The roll top panniers are not a huge capacity but they are very sturdy and with no zips to break, simple and very waterproof. You can also run a thin cable lock through the plastic loops on the clips to prevent people opening them up, and lock the end onto the rack, so they cant be removed easily.
Ive used these for a while and think they are great,I still use Touratech pannier rails on the KTM to keep the soft bags held firm - this really works well.
I keep the tent in another ortlieb long dry bag strapped to the rear end of the seat.
Ive also used a Peli case - bolted to the rack as a 'top box' on my old Dr650 (which got stolen in UK) which worked pretty good, and I would reccomend as a secure case on the bike - if you need one.
I currently have a Gearsack tailbag which is bombproof and has side pockets for some spares and puncture kit, but cant be secured to the bike easily.
on top of that - I have a small Touratech tank bag for lunch and odds and ends.
Another piece of gear worth considering to replace the traditional rack sack/bag/top box is a North Face Duffle bag, (small or medium size - I have the small size)
It is VERY tough, waterproof, you can lock the zip, and the alpine cut shoulder straps mean you can carry it as a rucksack or a duffle - its also got daisy chains on it - so easy to strap and lock it to the bike - and end haul loops - excellent bit of kit, and easy to live out of.
Remember, the more room you have, the more stuff you will take....
If you want a photo of the set up on the KTM, let me know.....
I used the same set of Ortlieb throwovers for two lengthy trips through North and West Africa, both times on a KTM. I gave the bags away to a friend to use on his old BSA and they went on to survive a lengthy trip through Europe and AFAIK they're still in use. I'm about to order a second pair.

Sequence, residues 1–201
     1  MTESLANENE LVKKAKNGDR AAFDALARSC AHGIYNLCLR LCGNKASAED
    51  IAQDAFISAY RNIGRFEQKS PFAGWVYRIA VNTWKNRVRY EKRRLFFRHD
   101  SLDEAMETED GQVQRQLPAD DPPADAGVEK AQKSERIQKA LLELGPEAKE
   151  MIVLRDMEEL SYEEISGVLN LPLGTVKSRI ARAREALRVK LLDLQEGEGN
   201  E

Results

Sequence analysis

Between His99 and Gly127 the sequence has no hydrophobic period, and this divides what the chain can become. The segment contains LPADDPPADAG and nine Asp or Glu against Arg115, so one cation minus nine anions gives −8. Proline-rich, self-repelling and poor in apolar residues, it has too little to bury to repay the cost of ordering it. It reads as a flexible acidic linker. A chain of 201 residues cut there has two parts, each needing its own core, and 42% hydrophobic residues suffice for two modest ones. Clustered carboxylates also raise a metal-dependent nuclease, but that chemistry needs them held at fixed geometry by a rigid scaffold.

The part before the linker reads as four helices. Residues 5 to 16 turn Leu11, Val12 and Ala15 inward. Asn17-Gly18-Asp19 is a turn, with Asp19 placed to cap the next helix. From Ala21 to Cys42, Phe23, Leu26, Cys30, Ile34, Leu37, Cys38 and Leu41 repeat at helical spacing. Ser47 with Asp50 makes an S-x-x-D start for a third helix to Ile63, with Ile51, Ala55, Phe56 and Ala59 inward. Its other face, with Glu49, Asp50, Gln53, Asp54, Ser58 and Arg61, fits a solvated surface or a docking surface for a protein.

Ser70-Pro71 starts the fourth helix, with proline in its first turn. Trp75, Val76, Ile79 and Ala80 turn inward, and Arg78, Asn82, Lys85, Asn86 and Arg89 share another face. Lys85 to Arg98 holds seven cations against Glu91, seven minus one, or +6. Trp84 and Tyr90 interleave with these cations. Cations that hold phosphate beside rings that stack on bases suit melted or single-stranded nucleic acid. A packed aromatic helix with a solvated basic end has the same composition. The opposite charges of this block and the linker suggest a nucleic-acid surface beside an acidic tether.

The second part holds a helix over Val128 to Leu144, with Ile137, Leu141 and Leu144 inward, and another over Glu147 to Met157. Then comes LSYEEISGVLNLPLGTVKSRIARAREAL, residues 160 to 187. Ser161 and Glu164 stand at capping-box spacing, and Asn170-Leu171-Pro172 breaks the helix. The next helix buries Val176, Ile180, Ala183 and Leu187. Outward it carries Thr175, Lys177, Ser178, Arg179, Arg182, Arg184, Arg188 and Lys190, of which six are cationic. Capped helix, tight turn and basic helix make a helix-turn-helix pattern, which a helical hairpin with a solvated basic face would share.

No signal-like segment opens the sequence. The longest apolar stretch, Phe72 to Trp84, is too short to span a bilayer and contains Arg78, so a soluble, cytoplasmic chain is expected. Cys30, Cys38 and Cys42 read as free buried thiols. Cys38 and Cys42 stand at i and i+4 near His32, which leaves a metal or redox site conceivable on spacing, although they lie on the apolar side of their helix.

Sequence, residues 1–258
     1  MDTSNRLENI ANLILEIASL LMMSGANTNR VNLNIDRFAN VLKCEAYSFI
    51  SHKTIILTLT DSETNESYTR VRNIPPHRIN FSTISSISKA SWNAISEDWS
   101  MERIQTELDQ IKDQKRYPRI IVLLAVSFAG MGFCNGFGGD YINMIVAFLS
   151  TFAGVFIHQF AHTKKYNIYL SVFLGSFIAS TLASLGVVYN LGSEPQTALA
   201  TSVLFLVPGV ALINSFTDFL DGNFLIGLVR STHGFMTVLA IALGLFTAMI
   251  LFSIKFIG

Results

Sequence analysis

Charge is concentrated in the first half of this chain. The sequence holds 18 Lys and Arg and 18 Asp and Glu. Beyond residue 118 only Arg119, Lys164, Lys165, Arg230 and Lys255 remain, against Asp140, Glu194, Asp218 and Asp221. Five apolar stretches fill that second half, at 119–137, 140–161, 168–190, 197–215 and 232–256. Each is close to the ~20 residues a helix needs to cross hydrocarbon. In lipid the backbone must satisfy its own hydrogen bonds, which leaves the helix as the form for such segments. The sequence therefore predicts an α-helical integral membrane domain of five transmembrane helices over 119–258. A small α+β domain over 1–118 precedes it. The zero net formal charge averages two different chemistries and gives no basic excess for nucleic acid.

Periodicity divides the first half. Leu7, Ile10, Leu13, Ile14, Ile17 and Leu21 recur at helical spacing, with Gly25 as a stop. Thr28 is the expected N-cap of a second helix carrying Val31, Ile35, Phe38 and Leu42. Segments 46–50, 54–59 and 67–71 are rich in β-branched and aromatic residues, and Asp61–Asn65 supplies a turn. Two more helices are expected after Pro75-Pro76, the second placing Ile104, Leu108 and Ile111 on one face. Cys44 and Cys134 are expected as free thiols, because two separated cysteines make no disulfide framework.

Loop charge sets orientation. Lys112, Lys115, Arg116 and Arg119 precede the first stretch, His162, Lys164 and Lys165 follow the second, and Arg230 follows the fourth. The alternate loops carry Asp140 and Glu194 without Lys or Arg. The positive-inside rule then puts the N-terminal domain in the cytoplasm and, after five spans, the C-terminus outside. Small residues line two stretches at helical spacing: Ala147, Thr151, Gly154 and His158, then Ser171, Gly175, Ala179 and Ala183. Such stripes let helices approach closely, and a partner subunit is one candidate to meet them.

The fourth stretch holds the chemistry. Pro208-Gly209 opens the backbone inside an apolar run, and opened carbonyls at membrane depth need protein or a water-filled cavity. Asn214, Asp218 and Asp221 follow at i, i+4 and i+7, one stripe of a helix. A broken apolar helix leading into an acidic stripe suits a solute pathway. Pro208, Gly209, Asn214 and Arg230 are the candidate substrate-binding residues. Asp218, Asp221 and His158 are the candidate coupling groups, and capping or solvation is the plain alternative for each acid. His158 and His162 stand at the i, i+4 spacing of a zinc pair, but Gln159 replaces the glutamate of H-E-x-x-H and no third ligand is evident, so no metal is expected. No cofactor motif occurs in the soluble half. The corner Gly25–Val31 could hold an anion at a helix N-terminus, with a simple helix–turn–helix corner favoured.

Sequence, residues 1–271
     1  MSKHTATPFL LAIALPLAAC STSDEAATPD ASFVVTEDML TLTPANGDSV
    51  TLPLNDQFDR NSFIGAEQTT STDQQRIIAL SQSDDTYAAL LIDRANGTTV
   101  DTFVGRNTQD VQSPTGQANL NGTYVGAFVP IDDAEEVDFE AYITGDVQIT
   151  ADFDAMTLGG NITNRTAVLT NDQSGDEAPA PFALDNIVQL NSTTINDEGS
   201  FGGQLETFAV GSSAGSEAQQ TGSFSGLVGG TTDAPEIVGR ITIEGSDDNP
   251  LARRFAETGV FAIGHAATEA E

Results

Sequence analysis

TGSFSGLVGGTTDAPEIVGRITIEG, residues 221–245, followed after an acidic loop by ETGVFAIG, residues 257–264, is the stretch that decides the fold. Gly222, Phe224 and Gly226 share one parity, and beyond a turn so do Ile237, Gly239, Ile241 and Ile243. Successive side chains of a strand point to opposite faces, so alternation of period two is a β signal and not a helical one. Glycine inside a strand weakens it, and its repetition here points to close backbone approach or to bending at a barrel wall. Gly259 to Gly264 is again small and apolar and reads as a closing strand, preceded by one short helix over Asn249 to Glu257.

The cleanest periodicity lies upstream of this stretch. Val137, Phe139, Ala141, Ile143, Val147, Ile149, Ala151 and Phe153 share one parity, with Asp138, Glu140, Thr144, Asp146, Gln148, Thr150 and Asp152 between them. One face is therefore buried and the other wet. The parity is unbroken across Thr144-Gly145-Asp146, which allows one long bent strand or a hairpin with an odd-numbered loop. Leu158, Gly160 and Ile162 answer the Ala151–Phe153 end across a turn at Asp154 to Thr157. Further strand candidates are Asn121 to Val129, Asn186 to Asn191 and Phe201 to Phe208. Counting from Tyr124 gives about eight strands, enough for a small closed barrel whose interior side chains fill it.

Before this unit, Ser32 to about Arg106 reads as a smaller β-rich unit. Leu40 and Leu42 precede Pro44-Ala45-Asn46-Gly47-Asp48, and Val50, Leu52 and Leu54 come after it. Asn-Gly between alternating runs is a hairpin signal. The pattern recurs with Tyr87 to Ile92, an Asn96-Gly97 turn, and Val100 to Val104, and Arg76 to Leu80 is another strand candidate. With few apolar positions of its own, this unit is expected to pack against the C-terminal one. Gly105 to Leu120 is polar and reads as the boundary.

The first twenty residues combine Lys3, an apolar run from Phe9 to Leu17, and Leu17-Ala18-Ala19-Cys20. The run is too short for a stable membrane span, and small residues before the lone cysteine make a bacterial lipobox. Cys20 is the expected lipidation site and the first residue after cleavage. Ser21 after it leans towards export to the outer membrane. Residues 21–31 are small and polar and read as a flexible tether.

The only problem with fitting them to an LC4 (Adventure or E) is preventing the weight of the LHS pannier from pressing the LHS side panel on to the silencer.
I'm currently working on a solution to this based on a pair of large hose clamps threaded through lengths of radiator hose and then clamped round the silencer in appropriate positions (thanks to Swampy at Marsh Performance for passing on this idea). I'll report back when I've tested this.
Other than that, I found the the bags worked fine - the top straps fasten with velcro across the seat, the lower front straps thread through the passenger footrests (care here as they'll pass very close to the exhaust pipe) and the upper rear strap threads through the small luggage rack that's standard on LC4 Adventures.
Really cutting down on the luggage, I managed about 4 months on the road with just these bags, a Camelbak HAWG and a rally engine guard as my luggage system. Only downsides were rarely having clean clothes to wear, and not much space for food.
I use an ortlieb bag for all my soft stuff, and it's been fantastic. I even chucked it down the tarmac at 110 kmh when a small fire freed it from its mooring, the bags fine, it just picked up some of the road!
Plus totally waterproof, and fairly cheap compared to Oxford stuff, which I've found to be over-complicated and very heavy (their tank bag at least)
Ian has an excellent point about the left hand pannier and the exhaust on an LC4. I ended up burning a hole through both the exhaust guard and my LHS pannier when I fastened it too tightly. The only real solution I found was to mount the panniers very forward and close to the centre of the bike. This makes it impossible to take a pillion, but it does keep the weight very low and central.
I also don't believe it is necessary to have a rack for soft panniers provided you are travelling light and strap them down properly. Others may disagree, but if you keep the panniers light, they don't move too much even over really rough terrain.
if you are looking for soft luggage you should concider bycle panniers. You may have to make a frame for the KTM but that should'nt be to hard. bycle panniers are fairly robust, they have some which are waterprooof and you may be supprised how cheap they are. If you do a google on cycle panniers you will find some, here is one site to give you an idea. http://www.cyclexpress.co.uk/search....cle%20panniers
Take 40% off Road Heroes Part 1 until October 31 only!
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Horizons Unlimited is not a big multi-national company, just two people who love motorcycle travel and have grown what started as a hobby in 1997 into a full time job (usually 8-10 hours per day and 7 days a week) and a labour of love. To keep it going and a roof over our heads, we run events (22 this year!); we sell inspirational and informative DVDs; we have a few selected advertisers; and we make a small amount from memberships.